Detroit Community Scrip

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Detroit Community Scrip
Detroit cheer.jpg
Detroit Community Scrip, 3 Cheers.
Unit
NicknameDetroit Cheer
Denominations
Banknotes
 Freq. used3
Demographics
User(s)Businesses in Detroit
Issuance
Central bankDetroit Cheers Governing Board
Valuation
Pegged byU.S. dollar

Detroit Community Scrip, also called Detroit Cheers, was a local currency used in Detroit, Michigan, first issued in April 2009.[1] Modeled upon the local scrip that were used during the Great Depression, it was being used to restore local financial confidence following decades of economic decline. The Cheers are backed by U.S. currency and are fully exchangeable for an equal amount of U.S. dollars, backed by several Detroit-based businesses. In April 2009, there were $4,500 worth of cheers in circulation.[2] Businesses could sign up to be issuers and print scrip after depositing a matching amount in U.S. dollars and then be entitled to print Cheers.[3]

History[edit]

The Detroit Scrip was first issued in April 2009,[3] by Foran's Grand Trunk Pub and The Park Bar or Motor City Brewing Works.[2] Including the issuers, there were 17 initial businesses accepting the Cheer.[2]

By November 22, 2009, the official website of the Detroit Community Scrip was no longer live.[4]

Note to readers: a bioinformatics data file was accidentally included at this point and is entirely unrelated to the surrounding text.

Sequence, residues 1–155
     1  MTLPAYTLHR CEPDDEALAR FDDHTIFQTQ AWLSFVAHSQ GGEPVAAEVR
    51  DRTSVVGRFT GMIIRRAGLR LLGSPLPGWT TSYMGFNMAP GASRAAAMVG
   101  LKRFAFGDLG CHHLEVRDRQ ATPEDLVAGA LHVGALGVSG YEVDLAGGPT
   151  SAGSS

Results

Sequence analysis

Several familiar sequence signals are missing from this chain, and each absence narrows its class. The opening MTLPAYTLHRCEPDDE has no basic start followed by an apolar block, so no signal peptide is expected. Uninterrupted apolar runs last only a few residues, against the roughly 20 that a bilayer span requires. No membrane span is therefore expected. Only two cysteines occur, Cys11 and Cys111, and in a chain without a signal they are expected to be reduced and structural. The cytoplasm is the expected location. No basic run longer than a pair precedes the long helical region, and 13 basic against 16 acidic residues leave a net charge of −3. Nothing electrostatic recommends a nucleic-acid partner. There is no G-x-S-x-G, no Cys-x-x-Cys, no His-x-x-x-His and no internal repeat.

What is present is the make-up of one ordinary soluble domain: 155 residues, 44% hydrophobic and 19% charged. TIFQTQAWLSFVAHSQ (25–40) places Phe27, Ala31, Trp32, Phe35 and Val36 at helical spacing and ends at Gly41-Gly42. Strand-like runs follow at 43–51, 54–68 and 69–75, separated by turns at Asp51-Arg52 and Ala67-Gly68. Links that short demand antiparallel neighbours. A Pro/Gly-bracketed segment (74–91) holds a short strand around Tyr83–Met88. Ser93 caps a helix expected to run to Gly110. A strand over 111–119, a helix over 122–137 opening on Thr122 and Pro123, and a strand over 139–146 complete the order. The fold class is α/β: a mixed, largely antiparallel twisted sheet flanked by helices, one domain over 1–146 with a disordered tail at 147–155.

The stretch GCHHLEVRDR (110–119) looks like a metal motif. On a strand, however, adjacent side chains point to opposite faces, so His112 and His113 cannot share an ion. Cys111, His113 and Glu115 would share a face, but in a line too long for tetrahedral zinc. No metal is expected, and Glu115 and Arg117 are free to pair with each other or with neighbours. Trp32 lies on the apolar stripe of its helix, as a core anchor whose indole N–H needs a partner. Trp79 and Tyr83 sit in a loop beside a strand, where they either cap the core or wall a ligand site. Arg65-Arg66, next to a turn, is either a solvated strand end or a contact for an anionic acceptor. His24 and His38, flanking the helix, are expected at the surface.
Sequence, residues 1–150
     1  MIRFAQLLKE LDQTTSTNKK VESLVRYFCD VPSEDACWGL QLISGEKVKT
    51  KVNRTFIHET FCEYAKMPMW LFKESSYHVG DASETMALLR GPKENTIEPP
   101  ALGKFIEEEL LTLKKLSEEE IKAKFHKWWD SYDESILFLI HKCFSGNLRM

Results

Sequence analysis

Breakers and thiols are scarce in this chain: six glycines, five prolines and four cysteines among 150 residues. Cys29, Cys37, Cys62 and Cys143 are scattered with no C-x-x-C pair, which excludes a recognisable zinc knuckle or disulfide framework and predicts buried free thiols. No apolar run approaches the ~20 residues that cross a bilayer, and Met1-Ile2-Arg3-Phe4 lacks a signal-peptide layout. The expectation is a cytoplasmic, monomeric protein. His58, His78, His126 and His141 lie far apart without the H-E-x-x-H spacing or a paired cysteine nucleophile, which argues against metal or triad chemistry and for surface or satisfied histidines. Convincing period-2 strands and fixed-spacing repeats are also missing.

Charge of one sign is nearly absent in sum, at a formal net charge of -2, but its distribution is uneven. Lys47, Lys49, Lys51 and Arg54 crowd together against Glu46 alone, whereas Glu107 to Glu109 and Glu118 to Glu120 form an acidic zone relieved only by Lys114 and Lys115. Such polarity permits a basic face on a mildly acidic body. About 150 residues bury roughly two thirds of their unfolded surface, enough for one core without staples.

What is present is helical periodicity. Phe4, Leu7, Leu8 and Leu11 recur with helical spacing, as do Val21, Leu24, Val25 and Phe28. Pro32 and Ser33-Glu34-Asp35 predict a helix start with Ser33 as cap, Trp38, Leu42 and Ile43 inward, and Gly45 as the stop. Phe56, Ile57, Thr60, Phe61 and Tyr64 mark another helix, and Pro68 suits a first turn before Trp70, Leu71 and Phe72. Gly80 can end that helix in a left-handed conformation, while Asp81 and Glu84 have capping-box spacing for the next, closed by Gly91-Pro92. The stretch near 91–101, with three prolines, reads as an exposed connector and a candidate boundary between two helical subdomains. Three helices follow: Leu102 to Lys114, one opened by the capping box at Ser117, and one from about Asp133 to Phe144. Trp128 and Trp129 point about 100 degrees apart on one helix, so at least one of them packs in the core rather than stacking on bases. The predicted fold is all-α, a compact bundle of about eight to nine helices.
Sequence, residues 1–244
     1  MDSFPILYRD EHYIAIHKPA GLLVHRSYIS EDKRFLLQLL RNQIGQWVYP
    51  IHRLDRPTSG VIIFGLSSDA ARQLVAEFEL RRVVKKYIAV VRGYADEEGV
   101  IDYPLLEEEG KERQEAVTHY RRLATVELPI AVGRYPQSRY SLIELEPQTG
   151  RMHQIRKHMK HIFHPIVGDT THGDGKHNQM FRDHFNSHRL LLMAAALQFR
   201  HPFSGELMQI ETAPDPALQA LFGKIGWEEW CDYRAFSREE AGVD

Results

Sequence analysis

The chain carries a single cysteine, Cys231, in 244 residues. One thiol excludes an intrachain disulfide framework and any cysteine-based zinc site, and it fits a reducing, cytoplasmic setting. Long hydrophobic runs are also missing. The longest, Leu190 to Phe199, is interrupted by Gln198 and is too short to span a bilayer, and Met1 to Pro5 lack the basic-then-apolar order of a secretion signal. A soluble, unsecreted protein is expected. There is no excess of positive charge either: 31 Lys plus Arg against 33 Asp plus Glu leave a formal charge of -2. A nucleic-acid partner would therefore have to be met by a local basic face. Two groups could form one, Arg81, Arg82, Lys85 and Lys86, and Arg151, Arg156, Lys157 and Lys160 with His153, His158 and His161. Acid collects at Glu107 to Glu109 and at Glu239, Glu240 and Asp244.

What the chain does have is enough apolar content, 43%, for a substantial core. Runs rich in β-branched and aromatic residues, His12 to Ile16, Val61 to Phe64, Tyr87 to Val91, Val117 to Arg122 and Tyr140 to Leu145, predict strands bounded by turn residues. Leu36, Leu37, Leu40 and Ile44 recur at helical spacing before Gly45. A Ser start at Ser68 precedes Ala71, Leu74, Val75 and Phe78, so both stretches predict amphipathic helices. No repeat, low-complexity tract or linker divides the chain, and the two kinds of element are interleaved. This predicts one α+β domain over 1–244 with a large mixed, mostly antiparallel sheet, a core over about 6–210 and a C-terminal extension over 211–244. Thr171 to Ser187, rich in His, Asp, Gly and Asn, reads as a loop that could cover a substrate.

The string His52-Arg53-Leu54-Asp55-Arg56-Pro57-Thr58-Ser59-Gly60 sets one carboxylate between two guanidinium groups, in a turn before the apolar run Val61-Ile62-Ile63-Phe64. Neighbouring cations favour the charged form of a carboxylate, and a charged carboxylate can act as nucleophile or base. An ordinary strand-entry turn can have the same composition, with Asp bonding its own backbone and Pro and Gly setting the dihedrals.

Design[edit]

Detroit Cheers were available in only the $3 denomination; the standardized face of the Cheer features The Spirit of Detroit over the Detroit skyline. The back of the bill was designed by the issuing business and could vary.[5]

References[edit]

  1. ^ Bello, Marisol (April 10, 2009). "Communities print their own currency to keep cash flowing". USA Today. Retrieved 16 February 2012.
  2. ^ a b c Kavanaugh, Kelli B. (April 21, 2009). "3 Cheers for Detroit's Local Currency". Model D Media. Retrieved 16 February 2012.
  3. ^ a b "Active Local Currencies". Local Currencies. New Economics Institute. July 2009. Archived from the original on April 5, 2013. Retrieved 16 February 2012.
  4. ^ "November 22, 2009 archive of www.detroitscrip.org/index.htm". Wayback Machine. November 22, 2009. Archived from the original on 2010-01-05. Retrieved June 6, 2021.
  5. ^ LeBlanc, Joe (Summer 2009). "Detroit Has a New Currency?". Mich-Matist. Retrieved 16 February 2012.

External links[edit]